Monday, September 05, 2011

Monarchs released today

At the beginning of summer, I was beginning to think that we might not see too many monarchs, that it could really be the beginning of the end of the migration phenomenon.

Though monarchs do face many challenges--lack of milkweed, pesticides, degradation of their overwintering sites among others--at least here in Central New York, we managed to find enough eggs in our yard that we're ending up with 200 monarchs!

So far, we've released 155, with 45 still in their chrysalises. Unfortunately, it has rained all day and it's cool, too, so there today's "crop" of 15 monarchs still sit, just where I put them many hours ago.  Monarchs can't do much unless it's at least 60F, but even if it were warmer I suspect the rain would keep them from leaving.

I released them this morning just outside our back door, so they're protected somewhat by being under the eaves. This side of the house doesn't get the northern or western winds either, so I think they'll do fine. I'd be more than happy to keep them inside, but once they've hung around a few hours and their wings are dry, they're eager to leave.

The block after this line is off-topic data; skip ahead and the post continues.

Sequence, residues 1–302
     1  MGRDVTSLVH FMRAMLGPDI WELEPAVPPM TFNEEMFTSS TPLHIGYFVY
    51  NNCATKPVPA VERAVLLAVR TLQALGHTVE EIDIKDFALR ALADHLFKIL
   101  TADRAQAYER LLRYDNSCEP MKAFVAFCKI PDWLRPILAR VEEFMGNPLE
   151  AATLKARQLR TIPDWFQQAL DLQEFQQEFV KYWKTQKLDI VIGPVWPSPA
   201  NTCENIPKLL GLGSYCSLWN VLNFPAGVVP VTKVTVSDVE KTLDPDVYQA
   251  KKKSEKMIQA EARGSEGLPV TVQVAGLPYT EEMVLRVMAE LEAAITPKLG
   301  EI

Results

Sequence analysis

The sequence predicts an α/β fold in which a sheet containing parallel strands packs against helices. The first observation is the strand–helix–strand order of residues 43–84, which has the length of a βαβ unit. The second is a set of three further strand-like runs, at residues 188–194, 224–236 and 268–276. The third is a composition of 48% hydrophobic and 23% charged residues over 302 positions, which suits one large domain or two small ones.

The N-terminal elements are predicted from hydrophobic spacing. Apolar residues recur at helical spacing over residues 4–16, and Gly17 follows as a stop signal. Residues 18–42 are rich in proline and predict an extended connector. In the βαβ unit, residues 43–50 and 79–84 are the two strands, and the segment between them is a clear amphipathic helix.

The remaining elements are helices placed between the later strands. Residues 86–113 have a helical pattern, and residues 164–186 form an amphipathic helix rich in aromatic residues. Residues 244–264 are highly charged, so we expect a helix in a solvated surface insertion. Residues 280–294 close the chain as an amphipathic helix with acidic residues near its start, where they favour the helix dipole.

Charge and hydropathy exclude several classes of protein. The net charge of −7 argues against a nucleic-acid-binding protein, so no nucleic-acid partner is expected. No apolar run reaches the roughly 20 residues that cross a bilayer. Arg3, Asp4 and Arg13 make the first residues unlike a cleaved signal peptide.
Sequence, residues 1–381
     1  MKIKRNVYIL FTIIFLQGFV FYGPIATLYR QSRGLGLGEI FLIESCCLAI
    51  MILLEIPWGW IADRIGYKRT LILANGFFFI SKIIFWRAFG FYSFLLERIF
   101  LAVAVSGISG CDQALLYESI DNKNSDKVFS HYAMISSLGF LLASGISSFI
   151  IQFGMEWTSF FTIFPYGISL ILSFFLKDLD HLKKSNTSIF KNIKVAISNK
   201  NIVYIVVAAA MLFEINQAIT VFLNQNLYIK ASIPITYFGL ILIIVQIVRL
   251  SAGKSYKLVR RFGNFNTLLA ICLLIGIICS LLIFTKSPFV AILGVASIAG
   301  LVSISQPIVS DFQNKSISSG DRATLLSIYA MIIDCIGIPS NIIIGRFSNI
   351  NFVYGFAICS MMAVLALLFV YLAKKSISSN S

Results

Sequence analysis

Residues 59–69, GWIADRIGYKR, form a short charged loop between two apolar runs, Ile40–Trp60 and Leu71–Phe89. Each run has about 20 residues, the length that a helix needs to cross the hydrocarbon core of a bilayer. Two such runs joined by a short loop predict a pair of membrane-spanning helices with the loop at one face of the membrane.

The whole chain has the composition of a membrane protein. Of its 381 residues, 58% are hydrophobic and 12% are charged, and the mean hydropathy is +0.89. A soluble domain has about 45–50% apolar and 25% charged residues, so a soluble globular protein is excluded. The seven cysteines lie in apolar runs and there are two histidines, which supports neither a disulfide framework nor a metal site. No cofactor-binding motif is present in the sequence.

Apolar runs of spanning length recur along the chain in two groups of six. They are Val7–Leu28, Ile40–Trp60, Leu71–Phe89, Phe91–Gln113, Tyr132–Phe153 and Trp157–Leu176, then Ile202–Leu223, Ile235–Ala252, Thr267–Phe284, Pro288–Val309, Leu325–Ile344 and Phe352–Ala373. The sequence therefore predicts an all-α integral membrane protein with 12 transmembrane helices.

They're just in time for the fall migration, since monarchs leave CNY about mid-September. All our monarchs should have eclosed (i.e. emerged from their chrysalis) by then. They're likely to encounter some challenges on their way to Mexico, especially the drought in Texas that will limit the availability of nectar. And then if and when they get to Mexico, their overwintering habitat is gradually being destroyed by illegal logging and by climate change.

For more info on my monarchs, visit Our Habitat Garden website.

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